Top tips for moving to Mexico city
February 2, 2016
Mexico City is recognized for its exciting culture, gastronomy and wide history. Home to the Mayans and Aztecs once, it now represents the biggest metropolitan area in the Western hemisphere with approximately 25 million people living there. With so much things to visit and do, here are some guidelines to help you make the most of the city on your arrival.
Get use to the currency
The currency in Mexico is the peso, with one peso equivalent to 100 cents. With many of the various coin denominations appearing very similar, it’s worth checking closely before you hand them over.
All banks will exchange traveller’s cheques and foreign currencies for a nominal fee, but it is wise for a longer stay opening a local bank account. You need to show your immigration documents and a photo ID for a regular account, and immigration form FM3 for a checking account. Don’t forget that your FM2/3 forms are essential –you’ll need these for a variety of purchases, such as houses , cars, or any other thing with requires a credit history check.
Visas are mandatory
To obtain a visa for Mexico, you are required to contact the embassy of Mexico in your home country. A visitor visa is granted for a maximum of 180 days if the visitor does not have a restricted nationality, whilst those with a restricted nationality can stay in the district for 90 days only.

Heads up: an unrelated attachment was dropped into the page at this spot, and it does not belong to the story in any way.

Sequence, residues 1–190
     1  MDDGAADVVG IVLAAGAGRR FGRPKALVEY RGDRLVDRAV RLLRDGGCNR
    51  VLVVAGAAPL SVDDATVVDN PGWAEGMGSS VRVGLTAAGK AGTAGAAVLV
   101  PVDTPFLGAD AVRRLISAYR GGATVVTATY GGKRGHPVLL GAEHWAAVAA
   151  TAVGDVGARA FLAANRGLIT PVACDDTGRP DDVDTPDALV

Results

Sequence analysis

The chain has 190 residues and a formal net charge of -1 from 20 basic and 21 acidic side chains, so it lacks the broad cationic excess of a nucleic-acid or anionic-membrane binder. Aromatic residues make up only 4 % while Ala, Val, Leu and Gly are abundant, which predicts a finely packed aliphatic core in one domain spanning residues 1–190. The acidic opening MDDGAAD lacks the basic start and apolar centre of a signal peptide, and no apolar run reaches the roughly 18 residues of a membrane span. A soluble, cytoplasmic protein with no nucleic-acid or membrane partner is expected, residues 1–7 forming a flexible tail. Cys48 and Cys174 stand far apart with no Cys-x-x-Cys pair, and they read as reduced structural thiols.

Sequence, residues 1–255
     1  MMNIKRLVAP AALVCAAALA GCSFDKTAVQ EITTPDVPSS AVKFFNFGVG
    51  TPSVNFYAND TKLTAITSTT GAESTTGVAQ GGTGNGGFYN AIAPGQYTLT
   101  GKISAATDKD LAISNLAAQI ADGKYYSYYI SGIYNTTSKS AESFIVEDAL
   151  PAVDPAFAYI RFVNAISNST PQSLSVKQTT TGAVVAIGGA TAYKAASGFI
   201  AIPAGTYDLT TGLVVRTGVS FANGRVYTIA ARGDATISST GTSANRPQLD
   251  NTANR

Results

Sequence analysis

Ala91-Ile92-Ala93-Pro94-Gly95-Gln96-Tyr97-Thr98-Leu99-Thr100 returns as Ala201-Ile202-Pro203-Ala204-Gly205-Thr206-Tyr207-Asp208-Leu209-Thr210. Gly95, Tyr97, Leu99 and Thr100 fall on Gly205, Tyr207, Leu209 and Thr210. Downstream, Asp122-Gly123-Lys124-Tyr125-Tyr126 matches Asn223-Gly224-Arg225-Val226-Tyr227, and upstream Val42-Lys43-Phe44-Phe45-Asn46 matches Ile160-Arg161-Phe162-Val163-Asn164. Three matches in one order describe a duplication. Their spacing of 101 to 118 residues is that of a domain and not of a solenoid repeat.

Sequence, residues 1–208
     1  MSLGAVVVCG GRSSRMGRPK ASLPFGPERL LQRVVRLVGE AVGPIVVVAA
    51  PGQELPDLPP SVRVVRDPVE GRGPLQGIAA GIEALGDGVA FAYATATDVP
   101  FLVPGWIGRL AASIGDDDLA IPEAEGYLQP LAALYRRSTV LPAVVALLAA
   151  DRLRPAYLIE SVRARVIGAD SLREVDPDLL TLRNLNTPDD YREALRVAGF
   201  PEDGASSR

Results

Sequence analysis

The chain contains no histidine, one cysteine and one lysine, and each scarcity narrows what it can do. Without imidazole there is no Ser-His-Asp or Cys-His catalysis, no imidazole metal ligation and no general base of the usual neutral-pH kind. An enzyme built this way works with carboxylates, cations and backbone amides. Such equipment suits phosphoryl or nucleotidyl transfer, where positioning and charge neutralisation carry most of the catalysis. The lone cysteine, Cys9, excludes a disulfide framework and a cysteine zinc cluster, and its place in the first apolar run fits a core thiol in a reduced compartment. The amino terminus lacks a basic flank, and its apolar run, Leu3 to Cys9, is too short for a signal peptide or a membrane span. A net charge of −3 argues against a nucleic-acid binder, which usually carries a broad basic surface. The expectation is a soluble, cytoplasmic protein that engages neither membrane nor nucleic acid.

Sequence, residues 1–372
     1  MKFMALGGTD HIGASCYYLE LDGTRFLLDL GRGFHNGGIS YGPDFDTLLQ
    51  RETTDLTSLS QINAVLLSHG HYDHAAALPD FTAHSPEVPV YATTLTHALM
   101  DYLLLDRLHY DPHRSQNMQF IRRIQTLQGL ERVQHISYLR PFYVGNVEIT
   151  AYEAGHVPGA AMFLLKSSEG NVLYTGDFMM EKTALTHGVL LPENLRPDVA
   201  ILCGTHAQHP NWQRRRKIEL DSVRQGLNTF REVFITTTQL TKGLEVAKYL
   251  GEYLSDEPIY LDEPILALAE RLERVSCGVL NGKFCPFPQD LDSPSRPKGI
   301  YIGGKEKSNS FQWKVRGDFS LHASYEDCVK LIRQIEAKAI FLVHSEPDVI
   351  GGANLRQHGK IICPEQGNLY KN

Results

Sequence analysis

Those expats thinking of a longer relocation should get a Temporary Resident Visa. This Visa cannot be issued in Mexico, unless you are exchanging an existing FM3 visa. Although there exist two exceptions: if you have near family in Mexico or if you apply for residency for humanitarian purposes.
Plan a gastronomy tour
Mexico is the home of tacos, tortilla chips and burritos, but it has much more delicious things to offer, and although you can venture to a Mexican restaurant on any other street in the world, nothing is the same as the real experience. If you don’t know where to start, embarking on a popular food tour which will take you to all of the best eat-outs in the city could be a good idea.
Like many other places, it’s important to drink bottled water as opposed to water from the tap. It would be better if you don’t eat food acquired from street vendors and avoid dairy products unless you know they have been pasteurized. But don’t be worried as the restaurants of Mexico City have a incredible selection of food on offer and you can always wash it down with a margarita or two.
Refresh your Spanish
Spanish is the official language in Mexico City, although most fine-dining restaurants and some public places will speak also English or have a bilingual representative. It may be strange, but many residents speak ‘Spanglish’, a local language, a mix between Spanish and English.
The first time you meet a local for don’t be alarmed if you are greeted with a hug. This is a friendly mode of welcoming you and saying hello. It’s also important to note that Mexicans are warm and sociable and may initiate friendly physical contact – which is something very normal.